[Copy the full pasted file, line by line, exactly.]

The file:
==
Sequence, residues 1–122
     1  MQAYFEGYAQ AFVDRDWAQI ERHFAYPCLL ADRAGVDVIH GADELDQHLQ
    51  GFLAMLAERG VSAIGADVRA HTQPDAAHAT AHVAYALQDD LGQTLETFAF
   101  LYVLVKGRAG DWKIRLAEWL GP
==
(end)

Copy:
Sequence, residues 1–122
     1  MQAYFEGYAQ AFVDRDWAQI ERHFAYPCLL ADRAGVDVIH GADELDQHLQ
    51  GFLAMLAERG VSAIGADVRA HTQPDAAHAT AHVAYALQDD LGQTLETFAF
   101  LYVLVKGRAG DWKIRLAEWL GP